We’re creating a ClusterIssuer as these are available to all resources in your cluster, irrespective of the namespace. A standard Issuer is a namespaced resource that can only supply certificates within its own namespace.
Our issuer configuration instructs Cert-Manager to get certificates from the Let’s Encrypt server.
It’s a good idea to use the staging environment while you’re setting up your integration to avoid hitting Let’s Encrypt’s production rate limits. you may use the following acme server for staging or development environment: https://acme-staging-v02.api.letsencrypt.org/directory
Use kubectl to add the issuer to your cluster:
kubectl create -f issuer.yml
Now you can use your issuer to acquire a certificate for a service exposed via an Ingress resource. Cert-Manager automatically monitors Ingress resources and creates certificates using the configuration in their tls field. You just need to add an annotation that names the issuer or cluster issuer you want to use.
apiVersion: apps/v1 kind: Deployment metadata: name: my-app spec: replicas: 1 selector: matchLabels: app: my-app template: metadata: labels: app: my-app spec: containers: - name: my-app image: mockserver/mockserver:latest ports: - containerPort: 80 --- apiVersion: v1 kind: Service metadata: name: my-service spec: selector: app: my-app ports: port: 80 --- apiVersion: networking.k8s.io/v1beta1 kind: Ingress metadata: name: my-ingress annotations: kubernetes.io/ingress.class: nginx cert-manager.io/cluster-issuer: letsencrypt-prod spec: rules: - host: example.com http: paths: - path: / backend: serviceName: my-service servicePort: 80 tls: - hosts: - example.com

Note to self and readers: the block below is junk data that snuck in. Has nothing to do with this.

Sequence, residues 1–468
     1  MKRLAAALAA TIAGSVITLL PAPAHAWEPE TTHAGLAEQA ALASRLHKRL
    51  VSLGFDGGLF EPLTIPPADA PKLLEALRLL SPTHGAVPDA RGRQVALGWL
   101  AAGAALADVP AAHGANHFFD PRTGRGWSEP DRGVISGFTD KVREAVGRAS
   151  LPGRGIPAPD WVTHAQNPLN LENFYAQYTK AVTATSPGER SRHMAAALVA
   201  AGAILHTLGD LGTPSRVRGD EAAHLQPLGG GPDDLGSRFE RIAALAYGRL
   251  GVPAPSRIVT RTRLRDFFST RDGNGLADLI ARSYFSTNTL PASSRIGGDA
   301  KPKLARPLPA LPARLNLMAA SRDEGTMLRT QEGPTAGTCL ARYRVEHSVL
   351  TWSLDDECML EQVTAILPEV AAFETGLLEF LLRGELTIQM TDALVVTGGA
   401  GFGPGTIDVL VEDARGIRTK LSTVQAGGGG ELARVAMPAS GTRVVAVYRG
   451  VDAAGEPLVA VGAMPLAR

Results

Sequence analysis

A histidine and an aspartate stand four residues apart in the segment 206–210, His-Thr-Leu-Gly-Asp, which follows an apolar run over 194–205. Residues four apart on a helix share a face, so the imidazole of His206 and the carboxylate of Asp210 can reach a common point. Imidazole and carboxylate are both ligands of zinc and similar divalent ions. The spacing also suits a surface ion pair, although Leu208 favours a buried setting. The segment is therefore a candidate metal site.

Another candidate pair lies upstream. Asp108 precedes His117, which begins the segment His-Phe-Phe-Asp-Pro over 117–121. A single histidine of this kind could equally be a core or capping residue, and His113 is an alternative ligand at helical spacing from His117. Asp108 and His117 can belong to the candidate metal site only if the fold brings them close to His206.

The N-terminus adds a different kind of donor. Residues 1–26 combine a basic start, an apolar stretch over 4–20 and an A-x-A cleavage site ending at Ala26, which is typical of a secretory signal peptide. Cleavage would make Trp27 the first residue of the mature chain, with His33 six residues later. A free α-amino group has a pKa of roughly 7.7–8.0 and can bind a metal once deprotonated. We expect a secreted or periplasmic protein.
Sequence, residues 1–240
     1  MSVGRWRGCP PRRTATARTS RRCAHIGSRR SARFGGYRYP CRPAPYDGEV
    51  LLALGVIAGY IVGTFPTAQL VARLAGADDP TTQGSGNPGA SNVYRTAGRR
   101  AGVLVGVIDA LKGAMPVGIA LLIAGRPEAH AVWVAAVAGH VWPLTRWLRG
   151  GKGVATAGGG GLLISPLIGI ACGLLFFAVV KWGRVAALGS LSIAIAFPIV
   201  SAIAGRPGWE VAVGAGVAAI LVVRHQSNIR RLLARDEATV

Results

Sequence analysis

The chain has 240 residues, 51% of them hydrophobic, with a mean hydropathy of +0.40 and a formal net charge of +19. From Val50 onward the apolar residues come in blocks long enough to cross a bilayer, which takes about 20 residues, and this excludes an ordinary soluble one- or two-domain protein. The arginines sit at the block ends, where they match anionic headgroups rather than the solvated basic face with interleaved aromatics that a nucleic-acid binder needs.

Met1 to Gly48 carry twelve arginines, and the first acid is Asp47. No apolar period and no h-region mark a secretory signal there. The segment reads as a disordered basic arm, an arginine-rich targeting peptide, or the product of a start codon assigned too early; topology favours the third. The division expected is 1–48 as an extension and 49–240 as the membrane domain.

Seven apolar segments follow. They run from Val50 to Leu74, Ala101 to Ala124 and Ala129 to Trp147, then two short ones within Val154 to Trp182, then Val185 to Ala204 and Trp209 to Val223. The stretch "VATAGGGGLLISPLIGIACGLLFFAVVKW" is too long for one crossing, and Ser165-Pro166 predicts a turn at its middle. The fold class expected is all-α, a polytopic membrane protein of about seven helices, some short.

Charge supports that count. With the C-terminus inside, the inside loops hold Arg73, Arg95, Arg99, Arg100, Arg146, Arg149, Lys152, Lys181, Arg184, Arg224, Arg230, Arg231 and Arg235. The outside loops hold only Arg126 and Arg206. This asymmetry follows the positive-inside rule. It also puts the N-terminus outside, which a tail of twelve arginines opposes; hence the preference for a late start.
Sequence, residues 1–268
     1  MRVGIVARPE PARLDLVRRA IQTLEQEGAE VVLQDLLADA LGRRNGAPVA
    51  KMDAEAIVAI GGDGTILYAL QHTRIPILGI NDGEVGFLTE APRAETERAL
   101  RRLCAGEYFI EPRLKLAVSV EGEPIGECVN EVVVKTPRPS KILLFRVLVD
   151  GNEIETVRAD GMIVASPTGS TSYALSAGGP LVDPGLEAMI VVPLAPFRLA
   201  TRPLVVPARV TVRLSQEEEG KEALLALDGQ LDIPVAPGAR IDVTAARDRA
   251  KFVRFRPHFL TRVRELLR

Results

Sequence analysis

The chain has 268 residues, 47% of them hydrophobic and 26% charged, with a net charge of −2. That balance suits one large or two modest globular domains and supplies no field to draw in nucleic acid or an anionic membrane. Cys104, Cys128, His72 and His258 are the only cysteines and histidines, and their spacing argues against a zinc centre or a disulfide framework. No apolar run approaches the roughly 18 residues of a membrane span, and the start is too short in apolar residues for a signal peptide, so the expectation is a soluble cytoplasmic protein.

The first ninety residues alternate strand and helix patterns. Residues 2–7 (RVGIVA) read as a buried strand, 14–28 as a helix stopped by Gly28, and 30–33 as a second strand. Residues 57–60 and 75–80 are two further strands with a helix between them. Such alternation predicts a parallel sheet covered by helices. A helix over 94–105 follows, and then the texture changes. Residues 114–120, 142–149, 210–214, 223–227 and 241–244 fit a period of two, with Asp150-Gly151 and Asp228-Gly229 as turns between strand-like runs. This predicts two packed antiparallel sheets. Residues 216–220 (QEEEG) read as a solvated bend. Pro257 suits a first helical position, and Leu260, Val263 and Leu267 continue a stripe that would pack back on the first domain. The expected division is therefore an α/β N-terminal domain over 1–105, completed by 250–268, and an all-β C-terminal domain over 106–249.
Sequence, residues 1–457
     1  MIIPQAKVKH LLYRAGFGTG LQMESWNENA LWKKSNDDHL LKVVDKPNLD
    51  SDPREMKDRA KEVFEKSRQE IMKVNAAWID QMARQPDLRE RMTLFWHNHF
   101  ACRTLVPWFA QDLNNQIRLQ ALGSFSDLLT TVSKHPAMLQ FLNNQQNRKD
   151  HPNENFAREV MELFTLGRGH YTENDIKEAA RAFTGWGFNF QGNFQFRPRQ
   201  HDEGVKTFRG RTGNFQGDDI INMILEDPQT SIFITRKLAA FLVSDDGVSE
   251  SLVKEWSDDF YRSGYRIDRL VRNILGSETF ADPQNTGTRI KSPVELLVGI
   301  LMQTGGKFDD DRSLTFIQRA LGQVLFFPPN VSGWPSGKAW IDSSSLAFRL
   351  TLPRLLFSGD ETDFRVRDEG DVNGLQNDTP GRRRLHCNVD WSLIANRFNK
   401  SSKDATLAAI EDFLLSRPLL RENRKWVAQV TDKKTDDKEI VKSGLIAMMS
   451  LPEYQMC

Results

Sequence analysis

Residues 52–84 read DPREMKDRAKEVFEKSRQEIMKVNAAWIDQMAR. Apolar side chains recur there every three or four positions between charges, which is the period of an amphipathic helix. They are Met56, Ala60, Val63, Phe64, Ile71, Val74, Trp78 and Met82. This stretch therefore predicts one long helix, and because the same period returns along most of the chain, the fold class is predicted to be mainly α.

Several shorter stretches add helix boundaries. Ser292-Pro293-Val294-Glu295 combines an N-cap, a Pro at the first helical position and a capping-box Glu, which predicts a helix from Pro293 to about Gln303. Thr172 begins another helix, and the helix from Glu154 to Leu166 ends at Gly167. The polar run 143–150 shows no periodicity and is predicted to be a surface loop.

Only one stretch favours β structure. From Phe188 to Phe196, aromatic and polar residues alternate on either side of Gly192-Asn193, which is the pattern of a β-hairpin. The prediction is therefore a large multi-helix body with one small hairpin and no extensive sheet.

This YAML file defines a Pod, a Service, and an Ingress exposing the service. It assumes use of nginx-ingress as the Ingress controller. The Pod runs a mockserver container which will be accessible over HTTPS at example.com.
The presence of the cert-manager.io/cluster-issuer annotation in the Ingress resource will be detected by Cert-Manager. It’ll use the letsencrypt-prod cluster issuer created earlier to acquire a certificate covering the hostnames defined in the Ingress’ tls.hosts field.
Please also make sure that you have pointed the CNAME reocrds on your DNS provider.
CNAME example.com a2943a.......elb.amazonaws.com
Let’s Encrypt can easily be added to a K8 or EKS cluster using Cert-Manager. Install Cert-Manager with Helm, create an issuer with Let’s Encrypt Staging/Production API, then reference that issuer name in your Nginx Ingress resource as cluster-issuer.
You may also configure Cert-Manager with your own options for more advanced control over the generated certificates. You may specify a certificate expiry (use the cert-manager.io/duration Ingress annotation) or use DNS challenges instead of HTTP which can be useful in specific scenarios.
HTTP verification works by updating the Ingress controller resource that provides a temporary .well-known URL that Let’s Encrypt can access. If your domain provides the correct value at that URL, Let’s Encrypt issues the certificate.
You may also want to utilize annotation
acme.cert-manager.io/http01-edit-in-place if your ingress controller handling multiple resources or sub-domains for the same hostname.
You can troubleshoot the common problems and scenarios through Cert-Manager Troubleshooting Guide.